|Perhaps the most significant existential question ever asked has been, what am I doing here; what significance does my life have? It will pursue you throughout life even if you don’t want to confront it. Did you ever look up from your desk and say, “what am I doing? Does my life have any purpose? I’m going to die one day and be forgotten; does any of this really matter?” Whether or not you believe in a Creator will affect your answer.|
If G-d doesn’t exist, the thought process logically goes something like this. Why am I here? Life is an accident and so am I. On a simplistic level I can explain my existence is a result of my parents wanting to have children, but that doesn’t give me meaning. Ultimately, we are all just accidents and so are our parents, because life, after all, is one big accident. As such, I serve no purpose and will eventually be forgotten; in the grand scheme of things my life is utterly meaningless.
In this week’s Parsha, the alternative approach is presented. The expression, lech lecha, “go for yourself” is used only two times in the entire Torah. The first is when G-d instructs Abraham to leave the comfort and security of his home town and travel to an undisclosed place. The second is when he is given the directive to bring Isaac as an offering. Which “going” demonstrated greater dedication? In order to address this, we need to introduce an essential Jewish idea; no two people ever have the same exact mission or life’s purpose in this world.
The purpose of a soul’s decent into this world is to contribute something no one else can, and each of us is given precisely the circumstances we need to fulfill that mission. As such, a person isn’t randomly born, each has an intrinsic nature. Some are introverts, others extroverts. Some have a natural affinity for music while others are natural athletes. Some are, by nature, independent while others need constant reassurance. Some have a natural proclivity to share and be kind while others suffer from having an innate sense of narcissism, being critical or harboring resentments. These differences are meant to assist a person in completing his or her assigned task and the same holds for the circumstances we encounter regularly which force us to make choices in life. Some people become so bewildered with accepting life on life’s terms that they even complain about the way G-d runs the world; if it would be up to them, things wouldn’t be this way. The response to this way of thinking, even though it might not be emotionally soothing, is what G-d told Abraham. These challenges are “for your good; for your benefit.”
Life might not be going the way you would like, but the beauty of it is that your life has tremendous meaning because, although you didn’t ask for it, G-d might send you a special needs child, a schizophrenic or clinically OCD spouse. The business to whom you were loyal for decades is now bankrupt due to population and market shifts and you have to reinvent yourself at a time in life when you saw the light (of retirement) at the end of the tunnel but then suddenly realized that the light you saw were headlights of an oncoming train heading straight toward you!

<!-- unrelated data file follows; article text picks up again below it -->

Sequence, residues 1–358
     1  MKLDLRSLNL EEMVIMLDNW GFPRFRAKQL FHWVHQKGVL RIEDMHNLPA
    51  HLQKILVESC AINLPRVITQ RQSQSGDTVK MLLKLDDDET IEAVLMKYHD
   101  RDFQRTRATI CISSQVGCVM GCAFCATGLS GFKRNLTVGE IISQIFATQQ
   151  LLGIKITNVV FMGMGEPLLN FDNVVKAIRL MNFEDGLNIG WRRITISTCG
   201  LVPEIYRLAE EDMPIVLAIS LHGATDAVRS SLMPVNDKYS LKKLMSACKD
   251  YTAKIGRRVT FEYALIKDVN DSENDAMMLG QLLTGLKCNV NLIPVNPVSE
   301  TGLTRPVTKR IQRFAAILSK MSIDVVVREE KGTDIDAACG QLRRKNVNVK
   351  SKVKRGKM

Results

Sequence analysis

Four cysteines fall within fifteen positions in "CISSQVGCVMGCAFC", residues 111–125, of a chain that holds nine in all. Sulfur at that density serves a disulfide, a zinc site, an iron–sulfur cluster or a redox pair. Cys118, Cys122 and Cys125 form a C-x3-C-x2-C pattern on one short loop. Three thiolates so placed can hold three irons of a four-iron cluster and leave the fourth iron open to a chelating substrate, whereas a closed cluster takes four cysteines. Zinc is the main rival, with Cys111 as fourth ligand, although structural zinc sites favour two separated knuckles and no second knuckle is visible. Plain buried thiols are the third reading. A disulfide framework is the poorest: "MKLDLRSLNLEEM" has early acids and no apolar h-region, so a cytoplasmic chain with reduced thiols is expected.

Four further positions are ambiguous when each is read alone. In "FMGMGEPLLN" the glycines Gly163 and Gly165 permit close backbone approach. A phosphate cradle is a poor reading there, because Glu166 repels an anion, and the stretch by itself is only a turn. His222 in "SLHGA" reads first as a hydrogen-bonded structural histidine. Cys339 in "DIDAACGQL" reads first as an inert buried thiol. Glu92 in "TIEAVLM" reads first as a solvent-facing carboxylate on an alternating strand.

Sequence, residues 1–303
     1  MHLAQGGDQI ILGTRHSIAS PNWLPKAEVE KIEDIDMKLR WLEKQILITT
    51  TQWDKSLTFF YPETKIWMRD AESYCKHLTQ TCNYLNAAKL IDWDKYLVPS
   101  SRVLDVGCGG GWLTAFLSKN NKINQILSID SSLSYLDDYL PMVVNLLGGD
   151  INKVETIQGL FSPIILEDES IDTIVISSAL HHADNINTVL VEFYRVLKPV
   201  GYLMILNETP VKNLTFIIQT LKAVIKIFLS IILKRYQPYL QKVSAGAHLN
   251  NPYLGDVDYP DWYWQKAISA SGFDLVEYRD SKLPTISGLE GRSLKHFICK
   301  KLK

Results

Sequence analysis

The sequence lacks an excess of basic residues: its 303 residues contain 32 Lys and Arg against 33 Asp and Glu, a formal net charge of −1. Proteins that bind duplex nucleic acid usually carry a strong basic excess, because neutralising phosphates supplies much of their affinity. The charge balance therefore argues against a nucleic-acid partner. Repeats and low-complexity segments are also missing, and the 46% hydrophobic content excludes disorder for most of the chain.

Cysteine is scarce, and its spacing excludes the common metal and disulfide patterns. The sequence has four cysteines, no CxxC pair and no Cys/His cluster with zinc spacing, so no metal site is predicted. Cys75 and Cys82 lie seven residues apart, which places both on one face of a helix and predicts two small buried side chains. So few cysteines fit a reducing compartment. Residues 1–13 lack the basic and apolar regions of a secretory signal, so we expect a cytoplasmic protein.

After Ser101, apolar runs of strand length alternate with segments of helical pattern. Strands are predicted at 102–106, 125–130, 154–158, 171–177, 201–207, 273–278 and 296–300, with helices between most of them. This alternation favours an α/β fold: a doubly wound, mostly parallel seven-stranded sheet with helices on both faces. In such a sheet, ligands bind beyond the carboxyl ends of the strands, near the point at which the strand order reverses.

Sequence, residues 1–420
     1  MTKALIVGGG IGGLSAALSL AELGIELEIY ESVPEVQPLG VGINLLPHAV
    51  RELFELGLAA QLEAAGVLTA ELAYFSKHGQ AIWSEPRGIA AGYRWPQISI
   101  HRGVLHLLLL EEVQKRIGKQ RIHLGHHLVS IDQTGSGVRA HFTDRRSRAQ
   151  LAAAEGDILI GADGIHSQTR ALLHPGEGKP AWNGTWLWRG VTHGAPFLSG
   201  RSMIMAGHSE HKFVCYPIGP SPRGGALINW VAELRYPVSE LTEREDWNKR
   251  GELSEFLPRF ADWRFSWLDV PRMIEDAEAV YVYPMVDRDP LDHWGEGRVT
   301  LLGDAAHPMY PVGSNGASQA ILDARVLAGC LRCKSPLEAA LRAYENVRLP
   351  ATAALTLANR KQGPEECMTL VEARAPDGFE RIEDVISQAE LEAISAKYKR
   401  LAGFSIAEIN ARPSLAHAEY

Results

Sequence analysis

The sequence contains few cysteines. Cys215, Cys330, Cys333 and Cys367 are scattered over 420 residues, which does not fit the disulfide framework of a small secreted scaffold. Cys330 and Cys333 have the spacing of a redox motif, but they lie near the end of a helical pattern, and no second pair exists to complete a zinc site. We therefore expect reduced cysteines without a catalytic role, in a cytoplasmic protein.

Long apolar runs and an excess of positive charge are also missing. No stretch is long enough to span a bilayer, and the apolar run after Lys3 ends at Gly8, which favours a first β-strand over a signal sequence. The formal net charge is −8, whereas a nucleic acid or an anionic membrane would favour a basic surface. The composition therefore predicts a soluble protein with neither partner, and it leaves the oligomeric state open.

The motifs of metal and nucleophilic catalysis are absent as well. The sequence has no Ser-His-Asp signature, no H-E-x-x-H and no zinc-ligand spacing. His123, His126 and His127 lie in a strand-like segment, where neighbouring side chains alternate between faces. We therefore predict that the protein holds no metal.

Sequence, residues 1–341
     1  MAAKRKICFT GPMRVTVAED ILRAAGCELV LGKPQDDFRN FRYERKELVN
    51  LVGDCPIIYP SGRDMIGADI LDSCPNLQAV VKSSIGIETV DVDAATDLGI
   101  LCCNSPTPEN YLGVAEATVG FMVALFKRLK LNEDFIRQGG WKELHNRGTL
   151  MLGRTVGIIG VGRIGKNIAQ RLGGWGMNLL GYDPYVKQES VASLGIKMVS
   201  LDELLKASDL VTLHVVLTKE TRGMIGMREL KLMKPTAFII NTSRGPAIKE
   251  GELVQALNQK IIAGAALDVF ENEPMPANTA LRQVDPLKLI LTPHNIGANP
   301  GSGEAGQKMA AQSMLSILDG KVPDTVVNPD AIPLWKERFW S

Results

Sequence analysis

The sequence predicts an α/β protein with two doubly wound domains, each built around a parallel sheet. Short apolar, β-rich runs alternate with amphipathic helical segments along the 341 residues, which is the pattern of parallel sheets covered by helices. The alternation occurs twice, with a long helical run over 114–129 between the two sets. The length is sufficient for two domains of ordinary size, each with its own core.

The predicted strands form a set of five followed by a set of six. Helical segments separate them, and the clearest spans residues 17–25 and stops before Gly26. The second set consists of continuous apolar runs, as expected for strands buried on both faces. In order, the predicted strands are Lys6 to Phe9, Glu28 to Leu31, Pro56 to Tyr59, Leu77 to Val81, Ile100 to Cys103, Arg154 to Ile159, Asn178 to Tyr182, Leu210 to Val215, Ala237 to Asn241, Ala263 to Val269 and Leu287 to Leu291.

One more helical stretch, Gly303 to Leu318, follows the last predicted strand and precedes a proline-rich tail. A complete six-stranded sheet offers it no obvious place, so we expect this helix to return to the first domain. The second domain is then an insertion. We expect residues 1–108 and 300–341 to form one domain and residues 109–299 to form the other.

The Almighty’s directive to Abraham repeats itself to every Jew. We are instructed to distance ourselves from our land, our birthplace, and our parents’ house in the sense that we must deal with life on life’s terms, not ours. For example, we don’t get to choose the family to which we will be born, and as angry as we are about it, we need to learn not only to deal with it, but to accept that G-d has placed us there because of something beneficial for us. A refrain heard often when supporting children and adults who have special needs siblings is “I was born into the wrong family.” According to what we are saying, it’s the polar opposite; you were especially chosen to be born into your family and be forced to deal with those challenges. The command lech lecha – “go for your own good” – instructs us that if we are to achieve our individual goals, the purpose for which we were created, we must escape the (seeming) limitations in which we find ourselves in the journey of life.
Abraham was told “go for yourself” (lech lecha) two times. In which case did Abraham demonstrate a greater commitment to his life’s mission? Sacrificing a son is far more difficult, but it was a onetime choice. However, the constant struggle against one’s own nature is constant; having to face life on life’s terms for decades shows a greater level of commitment. It’s the difference between a mother who risks her life to run into a burning building to save her child as opposed to the mother with a special needs child who commits decades of her life to her child in order to give him or her the best quality of life she can. The constant visits to doctors, therapists, pharmacies, special need programs, dealing with government bureaucracy, and the time spent petitioning for more public awareness is demanding and draining. A onetime sacrifice versus decades of life, which would you say takes greater commitment? The common denominator of both is that they are forms of lech lecha, going for one’s own good.The struggles of Avraham’s life teach us to constantly continue to move forward, and never give up, even amidst the most challenging times. Realize that who you are and where you find yourself is not accident. The more we consider this, the happier we will be because it gives you what all of us seek in life—meaning. [Sources: Bereishis Rabbah 39:9; Yesod HaAvodah ( Yahrtzeit 11 Marchesvan, 1804–1883) referenced in Nesivos Shalom I pp. 68-70]